James Dyson is unveiling details of the Dyson School of Design Innovation, after a surprise decision by Bath & North East Somerset Council to give it the green light.
Although the future of the school is still not guaranteed – it needs to be approved by the Government Office for the South West and possibly the Secretary of State, which would delay construction by up to six months – Dyson is forging ahead with plans.
The building itself is a 9500m2, four-storey crescent of glass and steel. At the behest of English Heritage, one wing was redesigned to incorporate a brick facade of a former crane factory that currently stands on the site.
‘Part of Wilkinson Eyre’s brief was that the school should be open in design, so that different groups and disciplines can interact on projects,’ says The James Dyson Foundation manager Julia Curry. ‘There is a central atrium in which iconic engineering designs will be displayed on a rolling basis.’
The hands-on system of education intended for 14 to 19-year-olds at the school represents a radical departure from mainstream teaching methods.
‘Between 14 and 19 people get turned off some subjects and make important choices about their future, so it is vital that we reach that audience,’ says Curry.
If it goes ahead, about 2500 children and adults a week will attend day courses, evening classes and short courses on topics such as aerodynamics and product design. Students will work in open-plan laboratories, casting workshops, CAD studios and a rapid prototyping area. Dyson believes this ‘will mean young people can develop design solutions by experimenting and learning from mistakes’.
Instead of attending classes, students will work in teams on projects set by engineers from corporate backers including Rolls-Royce and Airbus, leading to what Dyson refers to as ‘real outcomes’.
‘We are trying to emulate as closely as possible an actual working environment,’ says a Dyson spokeswoman. ‘
Companies work in teams, so the students will as well. The controversial Wilkinson Eyre building split the council down the middle at last month’s planning meeting.
A tumultuous three-year history of delays, redesigns and repudiation in favour of an office block by Bath Council’s planning department, culminated in a lengthy debate on 19 March. It took in an impassioned speech by Dyson and the Environment Agency’s long-held concerns that the school, which backs on to the River Avon at South Quays, is at risk of flooding.
‘There was bit of an argument between Dyson and the EA, but I felt he proved his case against flooding,’ reports councillor Stephen Willcox, one of seven who voted in favour of the development. ‘The five who voted against it didn’t like the design. I didn’t like it either, but thought ultimately that the school will benefit Bath.’
Dyson believes passionately that the UK needs a design school. ‘We have to strengthen this “knowledge economy”.
China and India are producing hundreds of thousands of engineering graduates every year. The UK produces just 24000. In its heyday, South Quays produced hundreds of engineers for the city. Since its closure that figure has been zero. The school will be a huge boost to education,’ he says.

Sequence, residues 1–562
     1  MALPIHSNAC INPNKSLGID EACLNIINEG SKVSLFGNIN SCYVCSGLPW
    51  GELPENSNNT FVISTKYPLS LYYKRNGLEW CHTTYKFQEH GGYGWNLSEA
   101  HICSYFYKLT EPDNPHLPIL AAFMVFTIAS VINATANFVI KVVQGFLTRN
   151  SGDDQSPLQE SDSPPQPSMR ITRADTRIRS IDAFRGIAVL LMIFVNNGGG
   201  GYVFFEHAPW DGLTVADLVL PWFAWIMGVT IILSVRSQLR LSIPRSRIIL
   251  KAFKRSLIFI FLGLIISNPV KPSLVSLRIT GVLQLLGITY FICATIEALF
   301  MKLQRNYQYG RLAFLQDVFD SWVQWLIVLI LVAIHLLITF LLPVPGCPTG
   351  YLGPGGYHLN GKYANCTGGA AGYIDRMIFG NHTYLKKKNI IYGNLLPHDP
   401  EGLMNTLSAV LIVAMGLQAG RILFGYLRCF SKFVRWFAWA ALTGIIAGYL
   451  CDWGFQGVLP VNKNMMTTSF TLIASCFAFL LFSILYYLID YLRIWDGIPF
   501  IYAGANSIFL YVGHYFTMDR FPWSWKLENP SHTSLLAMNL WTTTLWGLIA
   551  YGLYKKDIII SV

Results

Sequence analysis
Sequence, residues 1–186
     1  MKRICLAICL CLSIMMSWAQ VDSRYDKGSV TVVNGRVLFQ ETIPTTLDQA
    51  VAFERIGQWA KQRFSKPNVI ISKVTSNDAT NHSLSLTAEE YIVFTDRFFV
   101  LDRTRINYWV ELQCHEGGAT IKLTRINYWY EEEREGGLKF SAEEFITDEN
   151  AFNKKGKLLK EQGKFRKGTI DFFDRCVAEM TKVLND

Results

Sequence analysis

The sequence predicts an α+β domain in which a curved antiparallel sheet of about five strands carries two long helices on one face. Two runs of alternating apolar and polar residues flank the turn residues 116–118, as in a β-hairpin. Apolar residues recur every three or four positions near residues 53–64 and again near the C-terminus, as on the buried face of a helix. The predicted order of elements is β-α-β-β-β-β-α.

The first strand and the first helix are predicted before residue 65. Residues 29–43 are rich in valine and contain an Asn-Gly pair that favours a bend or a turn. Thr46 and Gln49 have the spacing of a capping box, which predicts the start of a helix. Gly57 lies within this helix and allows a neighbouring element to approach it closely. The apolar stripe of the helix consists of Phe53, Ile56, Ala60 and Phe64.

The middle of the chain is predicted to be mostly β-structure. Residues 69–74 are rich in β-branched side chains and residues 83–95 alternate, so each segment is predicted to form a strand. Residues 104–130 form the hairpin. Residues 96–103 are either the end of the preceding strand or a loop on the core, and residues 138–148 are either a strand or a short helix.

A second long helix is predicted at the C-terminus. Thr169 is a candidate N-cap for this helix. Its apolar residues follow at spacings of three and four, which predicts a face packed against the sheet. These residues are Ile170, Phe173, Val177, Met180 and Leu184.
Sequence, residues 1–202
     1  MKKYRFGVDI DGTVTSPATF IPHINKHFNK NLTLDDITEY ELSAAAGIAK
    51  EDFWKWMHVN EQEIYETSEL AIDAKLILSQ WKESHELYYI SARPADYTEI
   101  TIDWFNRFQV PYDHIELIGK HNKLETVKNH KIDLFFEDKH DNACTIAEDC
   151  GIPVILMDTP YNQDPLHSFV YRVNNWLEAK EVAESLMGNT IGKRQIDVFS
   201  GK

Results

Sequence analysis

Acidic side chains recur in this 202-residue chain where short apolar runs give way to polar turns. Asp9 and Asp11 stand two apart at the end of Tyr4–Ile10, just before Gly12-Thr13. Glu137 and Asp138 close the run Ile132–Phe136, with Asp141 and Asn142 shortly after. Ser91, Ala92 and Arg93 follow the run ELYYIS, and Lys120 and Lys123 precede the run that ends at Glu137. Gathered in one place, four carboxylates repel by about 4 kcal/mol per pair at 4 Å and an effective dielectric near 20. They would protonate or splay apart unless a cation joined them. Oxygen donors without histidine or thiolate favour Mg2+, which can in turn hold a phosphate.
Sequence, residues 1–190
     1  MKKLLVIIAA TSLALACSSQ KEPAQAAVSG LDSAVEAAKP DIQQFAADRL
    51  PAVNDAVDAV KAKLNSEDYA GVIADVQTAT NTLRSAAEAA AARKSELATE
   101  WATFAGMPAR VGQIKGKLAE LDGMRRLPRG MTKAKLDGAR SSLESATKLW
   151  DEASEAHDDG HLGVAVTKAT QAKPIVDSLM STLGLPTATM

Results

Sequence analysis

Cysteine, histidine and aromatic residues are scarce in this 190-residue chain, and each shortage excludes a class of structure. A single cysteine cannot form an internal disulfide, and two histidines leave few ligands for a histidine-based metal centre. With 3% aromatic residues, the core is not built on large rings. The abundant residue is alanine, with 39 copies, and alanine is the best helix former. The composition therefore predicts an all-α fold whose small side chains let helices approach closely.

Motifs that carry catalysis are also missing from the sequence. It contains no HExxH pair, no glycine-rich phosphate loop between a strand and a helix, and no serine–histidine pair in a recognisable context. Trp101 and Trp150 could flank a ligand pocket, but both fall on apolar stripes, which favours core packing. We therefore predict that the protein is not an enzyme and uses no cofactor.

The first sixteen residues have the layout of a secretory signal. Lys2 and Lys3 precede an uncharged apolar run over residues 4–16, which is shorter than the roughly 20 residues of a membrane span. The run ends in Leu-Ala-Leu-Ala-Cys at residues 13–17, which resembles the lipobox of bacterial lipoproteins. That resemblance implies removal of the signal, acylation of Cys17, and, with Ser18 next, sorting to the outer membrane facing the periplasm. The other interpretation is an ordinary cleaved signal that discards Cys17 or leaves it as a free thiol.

However, those hoping to see Dyson in the headmaster’s office will be disappointed.
‘I am afraid I will not be headmaster of the school,’ says Dyson. ‘My full-time job continues to be working with the 450 engineers and scientists at Dyson in Malmesbury.
However, I will be taking a seat on the board of governors. I will be pushing to make sure that the courses and opportunities for the students are first-rate and relevant to the world around us.’
Dyson chairs the board of trustees for the school charity, which includes vice-chancellor Glynis Breakwell, local resident Professor Sir Christopher Frayling and chairman of the Science Museum Lord Waldegrave.
The emphasis on engineering may disappoint those who hoped the school would also cater for other design disciplines. Since the publication of the Department for Culture, Media and Sport’s Creative Economy Programme Green Paper in February, it has become clear that design will not receive its own skills academy, as planned for the performing arts, animation and film sectors. Instead, the Design Council is leading plans for a Design Skills Alliance – a body that would assess and support design skills training providers.
A Design Council spokeswoman says, ‘In some sectors, such as engineering, there is a need for a hothouse like the Dyson School, but in terms of the broader design skills that is less true.’
Dyson School of Design Innovation
• Non-fee paying
• Provides engineering and product design diplomas, A-levels and GCSEs to 14- to 19-year-olds
• Provides continuing professional development for practising designers
• Students to attend one day a week, remaining at base schools for the remainder
• First-year students accepted mainly from the local catchment area
• No entrance requirements for first years
• 16- to 19-year-olds will have to meet as yet unspecified entrance requirements